In US politics, things have a way of piling up. For the Obama administration, the Middle East inbox in the last couple of weeks is near full to the top. First it was Syria. General Salim Idris, commander of the opposition Supreme Military Council, was supposed to be in Washington for government meetings and a think-tank symposium. Instead he was running for his life, as the Saudi-backed Islamic Front overran his headquarters. The Obama administration was left holding the bag, while what was touted as a “Syrian policy” turned to shambles as one giant fraud. To make matters worse, Secretary of State Kerry suggested he would be willing to meet with the Islamic Front and then sent Ambassador Ford off to Turkey to arrange a meeting. Once there, Ambassador Ford was left cooling his heels as the Front refused to meet with him. With the SMC in complete military disarray, Monzir Akbic, a spokesperson for its political wing and chief of staff of the Syrian National Coalition, suggested in the press that General Idris had failed. Akbic’s statement had to be the understatement of the year.
The Saudis appear to be playing hardball with the Obama administration. Last Monday a Saudi royal and brother to the foreign minister criticized Washington’s lack of a coherent Middle East policy. Prince Turki al-Faisal demanded that Saudi Arabia be represented at the P5+1 nuclear negotiations with Iran. The Prince stated that the achievement of a comprehensive deal with Iran would require direct Saudi participation. The interview published in the Wall Street Journal was groundbreaking for its candor and its warning.
On Syria, the timing of the interview was a statement in and of itself. The Saudis have the capacity to torpedo the Geneva Two talks, and the storming of General Idris’s headquarters by the Saudi proxy, the Islamic Front, was a strong message to President Obama. It appears the Saudis are a lot more than just miffed. For example, the prince appeared angry when he said: “The aid they’re (the Obama administration) giving to the Free Syrian Army is irrelevant. Now they say they’re going to stop the aid: OK, stop it. It’s not doing anything anyway.”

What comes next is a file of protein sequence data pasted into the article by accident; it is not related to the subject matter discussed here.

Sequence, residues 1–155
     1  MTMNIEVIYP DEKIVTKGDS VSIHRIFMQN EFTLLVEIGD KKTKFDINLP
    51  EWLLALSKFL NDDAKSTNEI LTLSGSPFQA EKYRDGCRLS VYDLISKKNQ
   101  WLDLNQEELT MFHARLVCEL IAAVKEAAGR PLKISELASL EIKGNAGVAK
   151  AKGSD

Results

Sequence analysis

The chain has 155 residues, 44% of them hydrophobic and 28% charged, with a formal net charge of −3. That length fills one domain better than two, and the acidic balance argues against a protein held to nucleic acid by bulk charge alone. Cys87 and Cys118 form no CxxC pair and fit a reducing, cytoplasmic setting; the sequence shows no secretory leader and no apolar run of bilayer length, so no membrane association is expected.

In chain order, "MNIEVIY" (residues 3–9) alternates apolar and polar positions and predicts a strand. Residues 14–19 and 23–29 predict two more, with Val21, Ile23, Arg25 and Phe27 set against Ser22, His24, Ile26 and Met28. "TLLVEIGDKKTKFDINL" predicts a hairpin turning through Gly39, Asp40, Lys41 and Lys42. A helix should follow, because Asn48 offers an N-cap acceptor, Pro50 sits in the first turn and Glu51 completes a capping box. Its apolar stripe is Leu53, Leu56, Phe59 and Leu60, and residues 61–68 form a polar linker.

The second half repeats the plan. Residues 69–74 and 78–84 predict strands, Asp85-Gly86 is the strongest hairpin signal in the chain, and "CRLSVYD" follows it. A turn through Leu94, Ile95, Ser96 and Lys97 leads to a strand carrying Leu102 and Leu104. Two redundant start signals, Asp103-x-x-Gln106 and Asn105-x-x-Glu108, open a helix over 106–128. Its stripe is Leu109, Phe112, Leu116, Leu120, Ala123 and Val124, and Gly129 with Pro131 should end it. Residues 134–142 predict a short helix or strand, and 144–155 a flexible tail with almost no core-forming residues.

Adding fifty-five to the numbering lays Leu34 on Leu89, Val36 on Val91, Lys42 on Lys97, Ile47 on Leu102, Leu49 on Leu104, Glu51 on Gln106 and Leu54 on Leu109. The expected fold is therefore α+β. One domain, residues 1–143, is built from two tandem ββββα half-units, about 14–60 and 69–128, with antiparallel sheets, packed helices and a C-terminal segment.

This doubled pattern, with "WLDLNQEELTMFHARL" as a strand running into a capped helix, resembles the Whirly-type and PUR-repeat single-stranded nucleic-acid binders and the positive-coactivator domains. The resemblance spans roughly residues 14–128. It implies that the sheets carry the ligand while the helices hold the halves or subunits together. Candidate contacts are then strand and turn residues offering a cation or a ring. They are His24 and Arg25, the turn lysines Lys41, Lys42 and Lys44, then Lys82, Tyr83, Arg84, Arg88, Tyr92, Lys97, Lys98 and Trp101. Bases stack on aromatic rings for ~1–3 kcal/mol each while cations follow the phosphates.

The Prince accused the administration of double dealing by going behind the back of a long-time ally. He was referring to the secret channel set up by Washington and Tehran for pre-negotiations in Oman. These secret talks were established last March with Ahmadinejad and continued with Rouhani, culminating in Obama’s famous phone call to the new Iranian president.
“What was surprising was that the talks that were going forward were kept from us. How can you build trust when you keep secrets from what are supposed to be your closest allies,” Prince Turki said. Turki was the Saudi ambassador to the US, as well as the intelligence chief for the kingdom. His high positions place him at the very pinnacle of the Saudi royal establishment. His words are considered as a barometer, and he is considered the unofficial spokesman for King Abdullah.
Meanwhile the French Foreign Minister, Laurent Fabius, appeared to have the Saudis’ back when he suggested that any final deal over the Iranian nuclear program must have “no breakout capacity.” As you may recall, it was Mr. Fabius who called the original interim deal with Iran “a fool’s game” and refused to sign on to the Obama administration’s first proposal. Now the French have toughened the West’s approach to the comprehensive nuclear negotiations with Iran. While the Obama team seems eager for some kind of final deal, the French have clearly drawn a line in the sand. Mr. Fabius stated that Western powers need to focus their efforts on depriving Iran of “breakout capacity.” He defined this capacity as the ability to re-start a bomb-making program from dormant nuclear sites and make a quick dash to a weapon before world powers can react. “What is at stake is that there is no breakout capacity”, Mr. Fabius said.